But with 35+ years to retirement, things will/should change along the way. I hope you don't plan on being in the 10% bracket for another 35 years. You need to increase your income. As such, you will benefit more by doing a TIRA in the future when you can get 25-28% of immediate tax benefit and continue with the Roth-only for the time being.

Good Luck, -P
Everything should be made as simple as possible, but not simpler - Einstein

MGBGTV8
Posts: 144
Joined: Fri Jan 11, 2013 12:40 pm

### Re: optimal tIRA to Roth ratio of dollars

Maybe the right way to think about this is to build up a Roth IRA to supplement withdrawals for big, or unplanned expenses, such as replacing a car or house upgrades when the withdrawal would put you above the next tax bracket. I think that you may consider more weight toward the traditional IRA, but we ARE planning many years in the future, with many opportunities for political risk to bite us!

crowd79
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Joined: Sun Nov 18, 2012 10:37 pm

### Re: optimal tIRA to Roth ratio of dollars

A tIRA is a bigger benefit to those in lower income bracket as an initial contribution. For example, you made \$22k last year (AGI). Contribute \$5k to a tIRA and get below the \$17,250 threshold for a \$1,000 tax credit from uncle sam. With a Roth, you cant get AGI lower. Take the deduction with a tIRA contribution this year and repay the deduction taxes on Roth conversion the following year, but you still keep the potential \$1k Savers Credit....

red5
Posts: 776
Joined: Sun Apr 01, 2012 4:42 pm

### Re: optimal tIRA to Roth ratio of dollars

Prokofiev wrote:Red,

Better to think about \$ amounts than ratios for a TIRA. Your RMDs start around 4% at 70.5, so figure \$4k taxable per \$100k in TIRA. In addition, I would put in \$50-\$100k of medical/nursing/home care that you will probably be able to get out of a TIRA at 0% somewhere along the line. So for most folks, \$150-300k is the minimum TIRA to shoot for, even if you only receive a 10% tax break.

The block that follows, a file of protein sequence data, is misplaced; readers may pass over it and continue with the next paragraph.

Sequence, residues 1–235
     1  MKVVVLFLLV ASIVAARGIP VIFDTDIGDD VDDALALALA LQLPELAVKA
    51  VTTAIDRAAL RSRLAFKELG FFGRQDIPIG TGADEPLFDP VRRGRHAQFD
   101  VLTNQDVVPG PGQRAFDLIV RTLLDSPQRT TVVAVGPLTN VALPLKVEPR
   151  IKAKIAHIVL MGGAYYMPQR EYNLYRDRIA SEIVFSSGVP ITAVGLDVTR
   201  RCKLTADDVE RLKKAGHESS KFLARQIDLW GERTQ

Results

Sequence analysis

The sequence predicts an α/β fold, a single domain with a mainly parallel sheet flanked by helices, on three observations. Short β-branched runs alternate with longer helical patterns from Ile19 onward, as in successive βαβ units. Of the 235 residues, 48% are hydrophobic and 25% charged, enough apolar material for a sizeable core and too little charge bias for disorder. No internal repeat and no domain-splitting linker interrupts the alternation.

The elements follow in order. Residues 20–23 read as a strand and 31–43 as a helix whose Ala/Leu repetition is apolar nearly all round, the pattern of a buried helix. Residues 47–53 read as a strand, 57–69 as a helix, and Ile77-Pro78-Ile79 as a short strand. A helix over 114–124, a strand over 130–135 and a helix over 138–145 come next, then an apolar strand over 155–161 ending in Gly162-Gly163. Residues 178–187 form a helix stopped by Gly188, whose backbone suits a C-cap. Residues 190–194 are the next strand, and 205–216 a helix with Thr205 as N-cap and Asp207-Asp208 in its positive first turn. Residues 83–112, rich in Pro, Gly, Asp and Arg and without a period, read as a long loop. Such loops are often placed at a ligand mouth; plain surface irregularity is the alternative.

But with 35+ years to retirement, things will/should change along the way. I hope you don't plan on being in the 10% bracket for another 35 years. You need to increase your income. As such, you will benefit more by doing a TIRA in the future when you can get 25-28% of immediate tax benefit and continue with the Roth-only for the time being.

Good Luck, -P
That is another good point and an idea that had briefly passed through my mind in the last couple days. I thought of it like this though: very roughly speaking I *may* have about 15,000 to 20,000 worth of deduction / expemptions in 2013 dollars that I could use the tIRA for. This (say 17,500) multiplied by 25 equals \$437,500. Add in the 50-100k of medical expenses, which I hadn't thought of, and a good value of my tIRA could be (again, very roughly) \$500,000 in 2013 dollars.
MGBGTV8 wrote: but we ARE planning many years in the future, with many opportunities for political risk to bite us!
Yes I am very very aware. Mostly, I just like to play with numbers and this exercise helps satisfy that. This at least gives me some kind of idea that there is a way to optimally use a tIRA while keeping taxes at or very near \$0.00. Of course if life changes and I jump up tax brackets this will all change.

MN Finance
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Joined: Sat Dec 22, 2012 10:46 am

### Re: optimal tIRA to Roth ratio of dollars

I would still concentrate on the Roth, under the possibly faulty assumption, that paying tax at 10% is as good as it will be. As mentioned, you can always do conversions later, if still allowed, to realize income